Senate Panel Approves
Class Action Reform
Many class action lawsuits would be forced from state courts and into federal courts under legislation that the Senate Judiciary Committee cleared yesterday.
Judiciary Committee Chairman Orrin G. Hatch (R-Utah) described the bill as a "modest and very fair effort to reform the abuses in the current system, abuses that are actually hurting those the system is supposed to help." The panel voted 12 to 7 to approve the legislation.
Under the bill, class action lawsuits in which the primary defendant and fewer than one-third of the plaintiffs are from the same state would be heard in federal court. Any class action suit in which more than one-third of the plaintiffs and the primary defendant are from the same state still could be heard in state court.
At least $5 million would have to be at stake for a class action lawsuit to be heard in federal court.
Supporters say the formula was devised to put national class-action cases in federal courts, and cases that affect primarily people within a state in state courts.
For NATO Expansion
President Bush asked the Senate to ratify NATO's expansion, which would include seven more Eastern European nations.
"The president is very pleased that the Senate will now be able to vote on expanding NATO to Bulgaria, Estonia, Latvia, Lithuania, Romania, Slovakia and Slovenia," White House spokesman Ari Fleischer said. Senate approval is required for the proposed expansion.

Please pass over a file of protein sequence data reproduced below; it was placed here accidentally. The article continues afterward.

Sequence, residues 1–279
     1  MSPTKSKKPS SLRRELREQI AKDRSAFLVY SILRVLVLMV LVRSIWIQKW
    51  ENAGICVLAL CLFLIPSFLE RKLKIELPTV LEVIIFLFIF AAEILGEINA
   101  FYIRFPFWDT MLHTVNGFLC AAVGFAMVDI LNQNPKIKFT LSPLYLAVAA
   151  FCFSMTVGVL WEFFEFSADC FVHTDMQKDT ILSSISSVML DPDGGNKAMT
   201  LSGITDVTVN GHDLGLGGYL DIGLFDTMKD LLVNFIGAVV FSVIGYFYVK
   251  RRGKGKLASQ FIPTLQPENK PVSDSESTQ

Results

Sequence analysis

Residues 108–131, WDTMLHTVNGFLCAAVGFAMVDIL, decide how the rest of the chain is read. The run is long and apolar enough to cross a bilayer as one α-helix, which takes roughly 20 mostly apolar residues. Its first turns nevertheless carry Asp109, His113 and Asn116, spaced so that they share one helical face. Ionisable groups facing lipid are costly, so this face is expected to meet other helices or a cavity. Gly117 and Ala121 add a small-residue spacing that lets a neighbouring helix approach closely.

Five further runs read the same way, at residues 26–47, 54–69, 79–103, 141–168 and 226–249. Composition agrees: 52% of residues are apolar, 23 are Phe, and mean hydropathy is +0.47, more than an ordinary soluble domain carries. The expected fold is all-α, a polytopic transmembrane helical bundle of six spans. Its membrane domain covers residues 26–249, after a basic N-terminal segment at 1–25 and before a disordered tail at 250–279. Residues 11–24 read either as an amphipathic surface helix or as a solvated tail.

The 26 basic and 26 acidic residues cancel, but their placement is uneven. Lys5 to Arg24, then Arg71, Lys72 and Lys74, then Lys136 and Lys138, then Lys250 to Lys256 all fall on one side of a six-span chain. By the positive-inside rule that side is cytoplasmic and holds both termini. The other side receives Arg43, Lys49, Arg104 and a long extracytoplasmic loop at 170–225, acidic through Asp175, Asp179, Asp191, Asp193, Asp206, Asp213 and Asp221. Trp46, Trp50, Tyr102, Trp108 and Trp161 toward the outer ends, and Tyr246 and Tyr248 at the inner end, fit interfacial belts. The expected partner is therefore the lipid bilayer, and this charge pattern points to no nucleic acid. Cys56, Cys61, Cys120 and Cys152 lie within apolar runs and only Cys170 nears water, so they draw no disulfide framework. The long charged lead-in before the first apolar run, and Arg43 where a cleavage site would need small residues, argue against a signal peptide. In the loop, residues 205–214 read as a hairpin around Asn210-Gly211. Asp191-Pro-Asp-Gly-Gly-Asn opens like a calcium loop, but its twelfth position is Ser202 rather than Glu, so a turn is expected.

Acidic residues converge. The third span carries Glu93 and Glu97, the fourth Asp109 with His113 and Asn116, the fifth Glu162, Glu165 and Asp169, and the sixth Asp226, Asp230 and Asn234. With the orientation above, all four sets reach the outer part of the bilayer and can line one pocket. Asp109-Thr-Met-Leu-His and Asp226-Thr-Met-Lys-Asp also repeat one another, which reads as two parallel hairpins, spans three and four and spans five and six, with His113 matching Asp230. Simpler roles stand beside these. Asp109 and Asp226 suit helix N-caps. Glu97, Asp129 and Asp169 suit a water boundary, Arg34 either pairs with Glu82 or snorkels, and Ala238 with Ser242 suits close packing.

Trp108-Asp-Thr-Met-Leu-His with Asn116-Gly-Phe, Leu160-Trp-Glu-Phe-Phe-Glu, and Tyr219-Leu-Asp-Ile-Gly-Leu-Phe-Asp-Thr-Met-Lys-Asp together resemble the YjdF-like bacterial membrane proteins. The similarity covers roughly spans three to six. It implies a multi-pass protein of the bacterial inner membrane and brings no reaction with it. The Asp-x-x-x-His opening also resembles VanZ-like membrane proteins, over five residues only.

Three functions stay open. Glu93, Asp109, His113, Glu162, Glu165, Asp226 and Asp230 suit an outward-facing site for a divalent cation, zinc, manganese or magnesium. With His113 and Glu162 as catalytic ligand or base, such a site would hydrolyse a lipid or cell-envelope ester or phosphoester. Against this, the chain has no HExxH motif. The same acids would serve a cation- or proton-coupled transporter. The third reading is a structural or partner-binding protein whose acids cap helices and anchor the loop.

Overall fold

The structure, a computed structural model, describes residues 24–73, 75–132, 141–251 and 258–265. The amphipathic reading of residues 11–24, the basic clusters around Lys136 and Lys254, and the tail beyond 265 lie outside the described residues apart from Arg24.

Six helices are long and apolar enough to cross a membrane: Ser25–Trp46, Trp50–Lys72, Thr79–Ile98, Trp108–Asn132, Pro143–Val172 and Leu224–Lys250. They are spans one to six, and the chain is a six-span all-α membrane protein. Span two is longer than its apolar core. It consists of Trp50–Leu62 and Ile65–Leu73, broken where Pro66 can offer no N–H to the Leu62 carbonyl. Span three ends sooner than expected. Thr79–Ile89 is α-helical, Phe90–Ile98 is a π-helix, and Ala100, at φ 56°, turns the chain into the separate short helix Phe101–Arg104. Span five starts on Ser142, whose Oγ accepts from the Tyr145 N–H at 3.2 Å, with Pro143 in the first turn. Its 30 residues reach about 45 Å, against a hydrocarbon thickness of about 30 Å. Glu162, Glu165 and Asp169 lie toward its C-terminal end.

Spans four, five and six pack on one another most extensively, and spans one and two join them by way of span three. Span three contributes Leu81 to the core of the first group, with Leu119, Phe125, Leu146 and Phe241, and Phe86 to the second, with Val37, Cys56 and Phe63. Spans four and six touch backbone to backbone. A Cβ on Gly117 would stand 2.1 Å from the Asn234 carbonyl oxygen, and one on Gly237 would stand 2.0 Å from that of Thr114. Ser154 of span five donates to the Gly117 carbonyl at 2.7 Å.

Bush Backs Renewing
Assault Weapons Ban
The Bush administration is bucking the National Rifle Association and supporting a renewal of the assault weapons ban, set to expire just before the presidential election. "The president supports the current law, and he supports reauthorization of the current law," White House spokesman Scott McClellan told Knight Ridder.
Tossing out the ban on semiautomatic weapons is a top priority of the NRA. Bush said during his presidential campaign that he supported the ban, but it was less clear whether he would support an extension.
House Bill Bars
Illegal diamonds that finance civil wars in Africa would be banned from the United States under legislation Congress approved yesterday. The House gave final approval by voice vote to the legislation. It would bring the United States under an international agreement that bans the export or import of what are known as conflict or blood diamonds. The Senate passed the bill Thursday.
Diamond production has financed deadly conflicts in countries such as Angola, Sierra Leone, Congo and Liberia. Rebels use forced labor to mine diamonds, then use the proceeds to buy weapons and finance military activity.
-- From News Services